What Are True Leaves?

The small, oval leaf below the true leaves is the tomato cotyledon.

The small, oval leaf below the true leaves is the tomato cotyledon.

If you start seeds indoors, you've probably read the phrase, "when the seedling has a set of true leaves...." or something to that effect. What are true leaves?

When a seed germinates, it bursts out of its seed coat and sends up a stem. Some of these stems have one leaf (called a monocot) others have two leaves on it (called a dicot). Tomatoes, for example, are dicots, while corn is a monocot. Cotyledons are part of the seed and, on many plants, they provide photosynthesis as the plant grows. A bit later, a plant will form its first "true leaves." These leaves have the appearance and function that all future leaves will have, and they may look dramatically different than the cotyledons.

For seed starters, it's important to remember not to transplant seedlings until they have some true leaves. Here's a short video from the University of Illinois Extension Service on the difference between ctyledons and true leaves.

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10 Comments

  1. […] else the plants need to sprout. So avoid fertilizing the seedlings for around 1-2 weeks until the first pair of true leaves appear. At this moment, you need to transplant your cilantro into a larger pot with a good quality potting […]

  2. […] Minnesota State Horticultural Society emphasizes never to transplant your seedlings until they have developed true leaves. This is the […]

  3. […] What are true leaves and how do you know that your basil seedlings have grown one? After a few days after planting your basil seed, seed leaves will sprout from the cotyledons of the seedlings. Once the root establishes itself in the soil, only then will the second set of leaves or the “true leaves” emerge. […]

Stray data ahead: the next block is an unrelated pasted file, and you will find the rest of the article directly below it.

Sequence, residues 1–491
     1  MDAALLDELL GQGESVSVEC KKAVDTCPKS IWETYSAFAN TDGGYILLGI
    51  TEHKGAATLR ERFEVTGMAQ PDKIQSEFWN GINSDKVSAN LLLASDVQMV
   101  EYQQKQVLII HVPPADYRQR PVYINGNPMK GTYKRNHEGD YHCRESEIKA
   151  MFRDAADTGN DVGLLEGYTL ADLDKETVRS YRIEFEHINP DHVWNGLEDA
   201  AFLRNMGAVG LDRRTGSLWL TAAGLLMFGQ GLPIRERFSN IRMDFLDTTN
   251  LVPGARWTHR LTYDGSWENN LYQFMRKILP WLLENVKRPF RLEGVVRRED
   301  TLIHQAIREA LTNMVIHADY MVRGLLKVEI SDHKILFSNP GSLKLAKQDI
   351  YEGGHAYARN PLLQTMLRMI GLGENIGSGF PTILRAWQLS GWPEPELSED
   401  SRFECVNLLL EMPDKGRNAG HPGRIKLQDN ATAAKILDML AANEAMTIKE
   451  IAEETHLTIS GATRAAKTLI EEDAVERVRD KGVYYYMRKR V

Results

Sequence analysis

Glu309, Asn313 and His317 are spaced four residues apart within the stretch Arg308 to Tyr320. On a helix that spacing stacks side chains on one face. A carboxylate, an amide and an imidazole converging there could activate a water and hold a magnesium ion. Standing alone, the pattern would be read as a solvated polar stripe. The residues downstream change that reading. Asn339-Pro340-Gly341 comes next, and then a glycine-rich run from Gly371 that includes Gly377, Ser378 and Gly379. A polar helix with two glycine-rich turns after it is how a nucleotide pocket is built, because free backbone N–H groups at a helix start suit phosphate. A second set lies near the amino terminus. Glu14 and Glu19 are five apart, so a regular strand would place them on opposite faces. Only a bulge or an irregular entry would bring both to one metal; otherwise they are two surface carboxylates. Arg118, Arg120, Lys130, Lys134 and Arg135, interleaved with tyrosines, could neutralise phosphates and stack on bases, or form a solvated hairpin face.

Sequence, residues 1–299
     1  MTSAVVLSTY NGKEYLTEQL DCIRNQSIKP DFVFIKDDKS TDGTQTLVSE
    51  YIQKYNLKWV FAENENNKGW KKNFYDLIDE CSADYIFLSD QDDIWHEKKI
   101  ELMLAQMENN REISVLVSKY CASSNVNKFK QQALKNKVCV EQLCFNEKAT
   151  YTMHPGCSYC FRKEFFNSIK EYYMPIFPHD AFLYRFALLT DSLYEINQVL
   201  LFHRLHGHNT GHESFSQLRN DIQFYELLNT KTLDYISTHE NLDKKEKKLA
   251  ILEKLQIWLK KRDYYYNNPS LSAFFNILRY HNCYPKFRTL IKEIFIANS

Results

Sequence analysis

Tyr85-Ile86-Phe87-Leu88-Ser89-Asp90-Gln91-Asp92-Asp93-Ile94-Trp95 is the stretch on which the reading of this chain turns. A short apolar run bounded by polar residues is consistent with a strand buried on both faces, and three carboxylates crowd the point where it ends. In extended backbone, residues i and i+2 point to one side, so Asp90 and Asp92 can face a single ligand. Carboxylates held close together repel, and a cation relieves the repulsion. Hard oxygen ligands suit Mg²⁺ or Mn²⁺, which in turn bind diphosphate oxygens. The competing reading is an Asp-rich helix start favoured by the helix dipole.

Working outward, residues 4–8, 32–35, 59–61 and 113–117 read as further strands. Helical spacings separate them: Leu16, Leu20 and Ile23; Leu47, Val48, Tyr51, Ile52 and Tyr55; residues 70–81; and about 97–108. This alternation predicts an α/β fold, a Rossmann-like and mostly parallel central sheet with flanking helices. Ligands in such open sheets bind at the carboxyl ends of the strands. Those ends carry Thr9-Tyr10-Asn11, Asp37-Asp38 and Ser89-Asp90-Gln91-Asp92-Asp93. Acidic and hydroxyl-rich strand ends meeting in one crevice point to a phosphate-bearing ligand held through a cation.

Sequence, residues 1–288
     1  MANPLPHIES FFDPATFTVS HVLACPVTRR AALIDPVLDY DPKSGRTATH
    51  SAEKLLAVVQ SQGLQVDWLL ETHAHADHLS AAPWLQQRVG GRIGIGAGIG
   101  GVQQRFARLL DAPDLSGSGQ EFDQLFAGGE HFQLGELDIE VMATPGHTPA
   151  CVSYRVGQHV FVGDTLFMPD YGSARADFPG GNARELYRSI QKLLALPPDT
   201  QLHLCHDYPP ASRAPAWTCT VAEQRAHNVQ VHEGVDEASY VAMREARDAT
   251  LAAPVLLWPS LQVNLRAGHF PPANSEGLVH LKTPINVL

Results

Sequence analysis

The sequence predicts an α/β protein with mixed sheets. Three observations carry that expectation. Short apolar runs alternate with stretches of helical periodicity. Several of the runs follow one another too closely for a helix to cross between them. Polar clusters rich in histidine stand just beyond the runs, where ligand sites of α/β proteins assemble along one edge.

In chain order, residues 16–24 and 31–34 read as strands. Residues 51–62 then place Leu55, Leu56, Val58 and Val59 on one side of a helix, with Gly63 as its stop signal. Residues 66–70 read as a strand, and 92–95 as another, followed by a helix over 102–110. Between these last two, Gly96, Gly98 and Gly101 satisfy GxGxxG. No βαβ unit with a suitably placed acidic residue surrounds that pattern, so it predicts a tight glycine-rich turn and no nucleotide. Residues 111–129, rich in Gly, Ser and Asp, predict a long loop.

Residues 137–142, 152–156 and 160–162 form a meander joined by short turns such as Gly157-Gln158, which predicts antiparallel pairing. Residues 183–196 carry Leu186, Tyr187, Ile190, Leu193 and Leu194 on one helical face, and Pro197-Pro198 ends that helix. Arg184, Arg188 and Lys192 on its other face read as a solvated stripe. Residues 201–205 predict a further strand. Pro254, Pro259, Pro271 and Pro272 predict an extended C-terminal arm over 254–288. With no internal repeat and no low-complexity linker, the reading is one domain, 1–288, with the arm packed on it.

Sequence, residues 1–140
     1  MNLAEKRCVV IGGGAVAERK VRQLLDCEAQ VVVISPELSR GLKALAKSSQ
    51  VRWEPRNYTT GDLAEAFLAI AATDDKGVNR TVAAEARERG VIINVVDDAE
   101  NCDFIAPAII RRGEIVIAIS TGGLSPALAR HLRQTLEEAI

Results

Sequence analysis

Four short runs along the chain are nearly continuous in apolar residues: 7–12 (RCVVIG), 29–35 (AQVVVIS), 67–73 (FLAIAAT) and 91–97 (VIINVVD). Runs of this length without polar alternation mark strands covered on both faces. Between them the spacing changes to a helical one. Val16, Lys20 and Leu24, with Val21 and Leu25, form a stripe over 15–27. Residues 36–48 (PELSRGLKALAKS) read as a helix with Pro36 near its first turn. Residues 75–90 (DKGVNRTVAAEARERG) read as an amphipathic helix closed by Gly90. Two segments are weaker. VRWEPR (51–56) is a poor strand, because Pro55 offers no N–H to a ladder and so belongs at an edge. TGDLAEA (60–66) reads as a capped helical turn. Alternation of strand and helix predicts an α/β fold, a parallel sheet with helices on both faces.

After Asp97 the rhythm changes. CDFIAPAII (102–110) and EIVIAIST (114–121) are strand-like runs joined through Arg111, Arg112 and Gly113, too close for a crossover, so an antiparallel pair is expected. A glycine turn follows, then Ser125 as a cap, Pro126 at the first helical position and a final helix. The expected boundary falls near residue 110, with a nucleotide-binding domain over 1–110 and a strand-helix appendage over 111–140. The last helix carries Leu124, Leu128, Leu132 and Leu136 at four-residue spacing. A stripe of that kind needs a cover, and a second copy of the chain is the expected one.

4. […] tomatoes will soon develop their first true leaves. These look a little different than the cotyledons that first […]

  5. […] A seed tray is an essential container for sowing your seeds, but you’ll also need to find suitable containers for transplanting each small seedling into once it has its true leaves. […]

  6. […] A seed tray is an essential container for sowing your seeds, but you’ll also need to find suitable containers for transplanting each small seedling into once it has its true leaves. […]

  7. […] A seed tray is an essential container for sowing your seeds, but you’ll also need to find suitable containers for transplanting each small seedling once it has its true leaves. […]

  8. […] identifying unknown Chillies. I will wait for them to germinate, and then develop their first set of true leaves. From there, I will try to identify what species they are from based on the leaves […]

  9. […] seeds germinate and plants grow to several inches tall and have two sets of true leaves, thin the kohlrabi plants so they’re spaced 3-8 inches apart. You can transplant the thinnings to […]

  10. […] Not only do these crops grow quickly, many of them are easy to grow in containers or even indoors. Leafy greens and root vegetables tolerate some shade, too.In northern climates, more sun is generally better for a faster harvest. In hot areas, afternoon shade can help keep plants from bolting to seed.Sprouts and microgreens are the fastest vegetables to grow. Though the harvest volume is small, they are a great addition to salads and stir fries. Mung bean sprouts are ready in about 3-4 days.Microgreens are ready to harvest 14 to 21 days after planting, depending on the type of green. Some of the fastest growing microgreens may be ready in a week. Radishes, wheatgrass, corn shoots, cabbage, broccoli, and sunflower seeds are some of the quickest growers.Harvest microgreens when the plants get their first true leaves.   […]

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